Can you get pregnant with a blocked fallopian tube or two? Yes, you can, but your odds are lower. What should you do?
Women get pregnant with blocked fallopian tubes every day. Most women who have a tubal blockage have no idea they do. A blockage is caused by infection, typically, and that's due to STDs like chlamydia or gonorrhea or due to UTI bacteria that cross over from the rectum. Blockage can also be caused by endometriosis when uterine tissue goes backwards up the tubes.
I said women can get pregnant with blocked tubes, and that's true because they might not be completely blocked. Sperm are tiny, and so are eggs, so they might managed to squeeze through. The odds of that, though, are much lower.
And that's why your doctor will recommend some treatment once you are diagnosed with a blockage. Under laproscopic surgery, your doctor can remove the infection or blockage, and hopefully, the tubes are not very scarred so that normal function is restored.
Sometimes you have to have a fallopian tube removed completely. That's okay, though, because your other fallopian tube can do the job very efficiently for both ovaries.
What if you have a tubal blockage and you want to take a chance on normal conception rather than have it treated? Your doctor will probably wince and tell you it's not a good idea, and here's why: if you have an infection in a fallopian tube, called salpingitis, pus and fluid build up. The fluid that collects has to go somewhere, and it usually drains down into the uterus. It also typically spreads to the other tube. This fluid is very irritating to the uterine lining, and it could make implantation impossible. So even if your egg got fertilized, it may not implant and grow.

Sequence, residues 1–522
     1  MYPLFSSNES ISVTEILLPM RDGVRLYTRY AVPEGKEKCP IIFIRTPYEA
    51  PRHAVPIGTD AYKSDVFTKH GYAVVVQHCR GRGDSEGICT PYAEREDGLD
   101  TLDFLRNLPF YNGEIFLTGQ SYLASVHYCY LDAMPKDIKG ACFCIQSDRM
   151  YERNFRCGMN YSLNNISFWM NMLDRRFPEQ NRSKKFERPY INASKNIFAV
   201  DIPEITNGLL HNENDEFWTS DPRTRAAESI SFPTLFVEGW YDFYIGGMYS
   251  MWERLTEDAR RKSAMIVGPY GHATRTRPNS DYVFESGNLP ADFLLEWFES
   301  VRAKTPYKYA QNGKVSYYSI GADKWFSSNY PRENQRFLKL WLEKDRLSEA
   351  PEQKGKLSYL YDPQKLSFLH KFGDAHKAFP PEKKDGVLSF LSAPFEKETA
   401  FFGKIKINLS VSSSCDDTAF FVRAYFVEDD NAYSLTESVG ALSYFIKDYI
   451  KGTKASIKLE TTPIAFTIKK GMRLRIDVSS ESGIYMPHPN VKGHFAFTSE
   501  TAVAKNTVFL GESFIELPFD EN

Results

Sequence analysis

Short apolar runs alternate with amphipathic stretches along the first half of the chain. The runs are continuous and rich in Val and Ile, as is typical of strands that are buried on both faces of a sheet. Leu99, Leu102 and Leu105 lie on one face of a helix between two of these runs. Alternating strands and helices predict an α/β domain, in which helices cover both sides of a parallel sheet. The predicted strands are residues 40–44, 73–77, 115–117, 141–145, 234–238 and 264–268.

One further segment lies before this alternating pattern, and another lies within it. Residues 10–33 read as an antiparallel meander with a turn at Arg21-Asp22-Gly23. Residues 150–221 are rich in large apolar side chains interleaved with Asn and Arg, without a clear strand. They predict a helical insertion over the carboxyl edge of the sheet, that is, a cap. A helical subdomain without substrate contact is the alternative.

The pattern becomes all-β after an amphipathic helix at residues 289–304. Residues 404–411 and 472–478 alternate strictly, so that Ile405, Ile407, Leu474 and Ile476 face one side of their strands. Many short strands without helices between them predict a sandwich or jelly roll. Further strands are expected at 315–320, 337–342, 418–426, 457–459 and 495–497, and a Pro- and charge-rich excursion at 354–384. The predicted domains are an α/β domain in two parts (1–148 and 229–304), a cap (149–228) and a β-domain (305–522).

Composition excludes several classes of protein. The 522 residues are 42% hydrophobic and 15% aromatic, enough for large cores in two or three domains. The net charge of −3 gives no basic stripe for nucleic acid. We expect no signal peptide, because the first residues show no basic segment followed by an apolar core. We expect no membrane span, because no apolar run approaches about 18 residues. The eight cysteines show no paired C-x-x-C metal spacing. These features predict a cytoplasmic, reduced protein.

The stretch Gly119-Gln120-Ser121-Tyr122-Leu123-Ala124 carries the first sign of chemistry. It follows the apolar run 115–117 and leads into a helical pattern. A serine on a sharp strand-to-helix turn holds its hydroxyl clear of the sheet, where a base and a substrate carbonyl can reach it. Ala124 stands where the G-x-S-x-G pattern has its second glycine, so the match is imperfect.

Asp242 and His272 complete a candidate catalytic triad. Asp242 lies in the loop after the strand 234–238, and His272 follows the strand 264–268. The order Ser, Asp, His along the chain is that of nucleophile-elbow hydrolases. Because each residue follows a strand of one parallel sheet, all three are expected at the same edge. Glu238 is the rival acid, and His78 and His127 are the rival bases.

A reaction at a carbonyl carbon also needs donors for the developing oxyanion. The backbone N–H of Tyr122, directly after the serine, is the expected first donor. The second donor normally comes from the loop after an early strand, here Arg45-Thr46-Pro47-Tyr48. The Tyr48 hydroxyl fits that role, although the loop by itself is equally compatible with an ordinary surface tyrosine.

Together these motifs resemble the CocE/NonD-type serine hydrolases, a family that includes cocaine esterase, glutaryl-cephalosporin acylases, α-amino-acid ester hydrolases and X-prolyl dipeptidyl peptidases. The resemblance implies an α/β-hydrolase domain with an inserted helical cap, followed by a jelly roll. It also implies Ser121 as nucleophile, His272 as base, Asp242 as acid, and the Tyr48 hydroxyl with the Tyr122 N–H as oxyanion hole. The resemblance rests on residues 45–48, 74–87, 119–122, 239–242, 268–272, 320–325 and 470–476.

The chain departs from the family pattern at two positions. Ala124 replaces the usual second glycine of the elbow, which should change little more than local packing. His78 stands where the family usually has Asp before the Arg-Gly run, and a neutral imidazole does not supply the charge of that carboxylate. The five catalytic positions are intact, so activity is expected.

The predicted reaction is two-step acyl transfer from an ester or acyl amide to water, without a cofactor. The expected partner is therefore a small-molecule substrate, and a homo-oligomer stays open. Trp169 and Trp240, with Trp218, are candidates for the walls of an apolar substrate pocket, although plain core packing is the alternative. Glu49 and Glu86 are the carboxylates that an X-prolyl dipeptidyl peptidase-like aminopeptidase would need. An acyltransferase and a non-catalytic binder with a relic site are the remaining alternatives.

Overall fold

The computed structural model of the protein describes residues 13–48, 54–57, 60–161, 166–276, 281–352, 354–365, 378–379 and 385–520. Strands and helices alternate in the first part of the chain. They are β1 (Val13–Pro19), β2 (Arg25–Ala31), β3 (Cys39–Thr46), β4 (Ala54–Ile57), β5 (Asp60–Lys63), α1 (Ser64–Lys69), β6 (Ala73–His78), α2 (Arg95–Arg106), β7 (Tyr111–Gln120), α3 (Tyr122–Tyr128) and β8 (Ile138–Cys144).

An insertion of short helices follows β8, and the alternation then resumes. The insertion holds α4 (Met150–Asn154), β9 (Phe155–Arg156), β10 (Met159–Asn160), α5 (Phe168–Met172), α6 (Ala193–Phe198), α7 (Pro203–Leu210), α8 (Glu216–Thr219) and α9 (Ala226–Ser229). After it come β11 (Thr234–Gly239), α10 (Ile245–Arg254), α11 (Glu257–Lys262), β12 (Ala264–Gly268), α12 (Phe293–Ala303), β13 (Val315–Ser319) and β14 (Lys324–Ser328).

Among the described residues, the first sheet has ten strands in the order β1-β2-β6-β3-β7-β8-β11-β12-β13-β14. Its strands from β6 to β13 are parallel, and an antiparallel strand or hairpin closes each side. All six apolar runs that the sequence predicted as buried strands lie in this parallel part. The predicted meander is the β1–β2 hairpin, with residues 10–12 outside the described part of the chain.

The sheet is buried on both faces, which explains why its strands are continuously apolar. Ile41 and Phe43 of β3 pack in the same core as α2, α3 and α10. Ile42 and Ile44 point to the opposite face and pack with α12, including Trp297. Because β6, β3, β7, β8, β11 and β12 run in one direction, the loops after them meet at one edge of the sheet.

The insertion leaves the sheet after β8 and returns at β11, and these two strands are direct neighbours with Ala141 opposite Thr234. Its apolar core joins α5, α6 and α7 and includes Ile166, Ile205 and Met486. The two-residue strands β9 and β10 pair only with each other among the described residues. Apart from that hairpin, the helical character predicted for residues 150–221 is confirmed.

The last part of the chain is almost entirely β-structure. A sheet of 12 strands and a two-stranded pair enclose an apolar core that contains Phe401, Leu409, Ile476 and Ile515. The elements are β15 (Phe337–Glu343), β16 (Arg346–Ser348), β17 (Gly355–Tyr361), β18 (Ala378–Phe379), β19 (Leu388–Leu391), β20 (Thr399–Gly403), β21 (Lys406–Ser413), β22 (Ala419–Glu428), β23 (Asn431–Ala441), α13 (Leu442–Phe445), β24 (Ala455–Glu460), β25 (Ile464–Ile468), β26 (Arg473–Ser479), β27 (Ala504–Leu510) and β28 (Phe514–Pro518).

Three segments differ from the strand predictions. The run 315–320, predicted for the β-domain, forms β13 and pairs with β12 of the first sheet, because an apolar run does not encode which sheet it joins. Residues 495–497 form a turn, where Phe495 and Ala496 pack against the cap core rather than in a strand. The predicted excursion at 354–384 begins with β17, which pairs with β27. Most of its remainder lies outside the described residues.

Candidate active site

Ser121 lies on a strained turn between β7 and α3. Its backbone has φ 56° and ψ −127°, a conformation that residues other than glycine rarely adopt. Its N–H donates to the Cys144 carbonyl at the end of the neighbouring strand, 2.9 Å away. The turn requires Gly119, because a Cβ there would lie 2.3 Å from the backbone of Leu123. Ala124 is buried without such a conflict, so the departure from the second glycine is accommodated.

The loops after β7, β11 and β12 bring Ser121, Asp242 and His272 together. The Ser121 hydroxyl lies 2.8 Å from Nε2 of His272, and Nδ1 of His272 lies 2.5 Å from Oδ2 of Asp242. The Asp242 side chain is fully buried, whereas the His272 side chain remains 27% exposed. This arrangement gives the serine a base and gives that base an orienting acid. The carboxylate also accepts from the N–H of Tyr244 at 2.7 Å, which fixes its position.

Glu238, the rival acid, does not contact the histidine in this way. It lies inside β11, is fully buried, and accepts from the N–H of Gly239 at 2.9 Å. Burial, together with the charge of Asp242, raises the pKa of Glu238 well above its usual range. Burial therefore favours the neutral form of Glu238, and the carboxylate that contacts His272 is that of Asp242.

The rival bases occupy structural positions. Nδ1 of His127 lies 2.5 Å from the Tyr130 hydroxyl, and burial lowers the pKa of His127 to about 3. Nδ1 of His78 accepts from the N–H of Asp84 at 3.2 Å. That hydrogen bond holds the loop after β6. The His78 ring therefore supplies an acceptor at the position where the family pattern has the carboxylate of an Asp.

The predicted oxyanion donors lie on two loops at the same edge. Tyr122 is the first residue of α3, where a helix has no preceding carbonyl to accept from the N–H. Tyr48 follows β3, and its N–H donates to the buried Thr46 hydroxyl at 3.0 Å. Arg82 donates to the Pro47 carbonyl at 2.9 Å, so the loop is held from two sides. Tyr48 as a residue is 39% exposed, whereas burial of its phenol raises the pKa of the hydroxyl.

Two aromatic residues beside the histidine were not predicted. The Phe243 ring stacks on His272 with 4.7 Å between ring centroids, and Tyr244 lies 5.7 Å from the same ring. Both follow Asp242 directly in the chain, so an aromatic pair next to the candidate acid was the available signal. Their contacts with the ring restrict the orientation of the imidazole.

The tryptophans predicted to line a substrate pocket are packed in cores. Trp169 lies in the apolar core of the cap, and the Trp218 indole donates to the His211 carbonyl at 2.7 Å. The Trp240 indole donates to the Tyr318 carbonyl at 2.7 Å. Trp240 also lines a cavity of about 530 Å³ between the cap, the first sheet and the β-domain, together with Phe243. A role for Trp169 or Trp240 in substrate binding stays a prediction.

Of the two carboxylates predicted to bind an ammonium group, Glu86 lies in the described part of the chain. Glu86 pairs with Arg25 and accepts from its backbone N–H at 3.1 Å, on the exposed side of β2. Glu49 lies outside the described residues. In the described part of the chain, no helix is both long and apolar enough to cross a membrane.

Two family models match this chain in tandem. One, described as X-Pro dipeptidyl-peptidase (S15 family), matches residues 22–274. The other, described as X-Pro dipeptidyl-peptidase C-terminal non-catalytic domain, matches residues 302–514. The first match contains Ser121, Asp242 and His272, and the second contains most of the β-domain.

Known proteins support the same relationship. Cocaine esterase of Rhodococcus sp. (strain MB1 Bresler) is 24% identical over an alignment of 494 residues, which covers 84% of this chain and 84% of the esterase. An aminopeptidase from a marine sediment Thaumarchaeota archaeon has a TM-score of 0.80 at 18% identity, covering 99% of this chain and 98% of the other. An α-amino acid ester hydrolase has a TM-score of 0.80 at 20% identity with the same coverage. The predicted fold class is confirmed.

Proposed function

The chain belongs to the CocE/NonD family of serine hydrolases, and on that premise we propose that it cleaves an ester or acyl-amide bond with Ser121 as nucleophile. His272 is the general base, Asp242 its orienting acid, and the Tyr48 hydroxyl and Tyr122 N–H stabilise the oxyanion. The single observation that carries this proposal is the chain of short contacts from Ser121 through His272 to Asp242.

I know it's disappointing to learn that something might be wrong, but this is a fixable problem. If you do have infection in both tubes such that they have to be removed, then you can undergo IVF with success because you still have your ovaries. IVF bypasses the fallopian tubes anyway.